A total of 23,495 individuals tested positive for HIV in Ghana, in the first half of this year, as per statistics from the Public STIs and HIV/AIDS Control Program.
As result, an network of institutions driving the HIV and Aids reaction in the country has started public partner commitment as a feature of cycles to review mediations for improved results.
The Ghana HIV&AIDS Network (GHANET), a non-profit organization driving HIV mediations in the nation, said the move had become vital on the grounds that, regardless of efforts at reducing new infections and ending AIDS, the desired impact seemed far from being achieved.
As per the network, the surge, coupled with undesired outcomes, justified how critical it had become for stakeholders to rethink existing interventions to help keep the surge under control.
For this reason a workshop was organised by the network, in collaboration with the National AIDS Control Programme (NACP).
It was on the theme: “Rethinking HIV interventions for vulnerable populations in the country”.
Participants included media people, policymakers, agents of safety organizations, customary and religious leaders, and market women, among others.
They thought on new projects and mediations to take on for activity in the following Country Operational Plan (COP).
The groups’ key focus on national interventions is to include mass education, testing, administration of pre-and post-exposure prophylaxis, promotion of condom use and anti-retroviral treatment.
Meanwhile stigmatisation, the use of only a clinical approach for the administration of pre-and post-exposure prophylaxis and anti-retroviral treatment are some of the major setbacks in its effort.
The consultants added that stigma reduction, risk and behavioural change communication, which were some of the pragmatic measures in tackling the spread of the disease, were characterised by non-targeted and fatigued messaging, as well as cultural norms, and said they were the reasons a rethinking was necessary.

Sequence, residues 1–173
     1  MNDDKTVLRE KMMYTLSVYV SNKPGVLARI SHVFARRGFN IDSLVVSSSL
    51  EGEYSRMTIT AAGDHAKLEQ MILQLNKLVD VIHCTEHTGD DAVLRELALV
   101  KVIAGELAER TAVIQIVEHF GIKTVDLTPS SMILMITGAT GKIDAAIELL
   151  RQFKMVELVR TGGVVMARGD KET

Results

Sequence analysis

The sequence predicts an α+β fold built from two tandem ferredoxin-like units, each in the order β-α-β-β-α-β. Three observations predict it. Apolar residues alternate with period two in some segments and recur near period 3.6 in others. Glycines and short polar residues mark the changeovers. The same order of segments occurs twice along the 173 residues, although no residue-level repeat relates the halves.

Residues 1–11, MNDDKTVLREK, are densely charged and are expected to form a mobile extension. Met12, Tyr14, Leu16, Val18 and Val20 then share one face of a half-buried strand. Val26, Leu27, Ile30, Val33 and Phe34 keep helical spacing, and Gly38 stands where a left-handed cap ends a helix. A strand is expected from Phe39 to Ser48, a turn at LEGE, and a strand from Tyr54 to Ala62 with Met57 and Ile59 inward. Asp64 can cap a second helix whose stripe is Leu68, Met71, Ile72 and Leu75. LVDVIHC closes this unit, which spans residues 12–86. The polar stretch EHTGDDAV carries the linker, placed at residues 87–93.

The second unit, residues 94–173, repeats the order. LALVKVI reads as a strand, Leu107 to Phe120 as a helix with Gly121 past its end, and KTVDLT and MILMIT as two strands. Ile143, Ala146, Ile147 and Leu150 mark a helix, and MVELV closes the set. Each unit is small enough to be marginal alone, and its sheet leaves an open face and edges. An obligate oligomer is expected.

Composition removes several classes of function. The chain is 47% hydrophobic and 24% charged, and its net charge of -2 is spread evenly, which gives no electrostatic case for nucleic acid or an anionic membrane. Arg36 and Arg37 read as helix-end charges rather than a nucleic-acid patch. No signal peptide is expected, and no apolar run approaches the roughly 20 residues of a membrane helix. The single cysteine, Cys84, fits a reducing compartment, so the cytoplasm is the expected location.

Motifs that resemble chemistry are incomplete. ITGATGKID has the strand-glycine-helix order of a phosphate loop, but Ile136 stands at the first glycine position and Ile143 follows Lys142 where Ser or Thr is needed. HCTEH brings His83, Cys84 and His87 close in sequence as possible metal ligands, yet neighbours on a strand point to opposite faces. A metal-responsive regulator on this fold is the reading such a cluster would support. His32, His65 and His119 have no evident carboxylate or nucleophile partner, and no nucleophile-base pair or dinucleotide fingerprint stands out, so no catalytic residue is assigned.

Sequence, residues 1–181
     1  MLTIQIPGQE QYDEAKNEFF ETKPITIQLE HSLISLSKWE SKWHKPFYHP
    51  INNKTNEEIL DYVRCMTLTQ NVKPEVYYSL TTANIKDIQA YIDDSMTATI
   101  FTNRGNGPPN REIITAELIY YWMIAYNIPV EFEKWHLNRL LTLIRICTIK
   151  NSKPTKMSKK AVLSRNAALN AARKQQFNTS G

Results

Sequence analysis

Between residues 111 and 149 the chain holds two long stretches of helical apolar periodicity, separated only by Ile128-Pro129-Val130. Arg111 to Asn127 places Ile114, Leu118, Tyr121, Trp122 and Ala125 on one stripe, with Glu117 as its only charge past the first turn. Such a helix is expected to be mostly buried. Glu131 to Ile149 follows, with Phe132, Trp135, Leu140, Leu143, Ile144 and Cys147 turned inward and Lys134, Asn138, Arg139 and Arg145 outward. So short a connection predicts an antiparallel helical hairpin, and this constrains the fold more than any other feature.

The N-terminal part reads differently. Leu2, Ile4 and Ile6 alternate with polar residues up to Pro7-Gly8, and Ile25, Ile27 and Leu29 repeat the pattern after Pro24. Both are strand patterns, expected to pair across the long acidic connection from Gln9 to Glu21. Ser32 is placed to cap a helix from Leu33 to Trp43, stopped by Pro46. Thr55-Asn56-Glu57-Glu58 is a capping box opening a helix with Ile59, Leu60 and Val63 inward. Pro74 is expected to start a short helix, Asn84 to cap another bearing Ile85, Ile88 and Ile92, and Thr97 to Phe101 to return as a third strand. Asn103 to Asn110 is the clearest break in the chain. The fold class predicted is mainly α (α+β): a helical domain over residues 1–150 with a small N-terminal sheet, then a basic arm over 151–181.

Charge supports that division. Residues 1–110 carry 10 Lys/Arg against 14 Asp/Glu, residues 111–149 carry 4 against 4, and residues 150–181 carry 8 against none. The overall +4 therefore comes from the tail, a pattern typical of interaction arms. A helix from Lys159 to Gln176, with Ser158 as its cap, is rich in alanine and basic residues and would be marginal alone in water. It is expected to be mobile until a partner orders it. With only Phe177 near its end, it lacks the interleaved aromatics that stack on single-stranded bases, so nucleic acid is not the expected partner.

The experts further added that, lack of political will, weak health systems and insufficient support for local area based associations which were hampering progress.
People have thusly been encouraged to reevaluate and not hide their HIV/AIDS status; since it is almost like a chronic illness which isn’t just gotten through sex, but also contracted.
The experts have also said there ought to be access to condoms for the two sexual orientations, regardless of their ages since research had shown that rising accessibility of condoms helped in the decrease of the HIV/AIDS trouble.
Unfortunately, Ghana’s social system makes it challenging for a young person to go to the drug store to buy a condom since he/she will be labeled just like a whore requesting for sex.
Stigma in communities widespreadly affected both HIV/AIDS treatment and anticipation, including making people less ready to be tested or placed on treatment.
People must know their status to ensure maximum treatment percentage coverage, which could lead to a high percentage of people with viral load suppression and unable to transmit.
Thus, the general population have been encouraged to remain protected by sticking to preventive conventions, for example, staying away from unprotected sex with people you don’t know of, among other measures.
According to NACP’s Observing and Assessment team, in 2021 alone, data assessed that 345,599 people lived with HIV and AIDS in the country.
As of June 2022, just 262,042 people were on anti retroviral treatment, comprising of five percent children and 75 percent females.
The statistics are a sign that men are not revealing, a circumstance that should be switched as far as we’re concerned to arrive at a goal.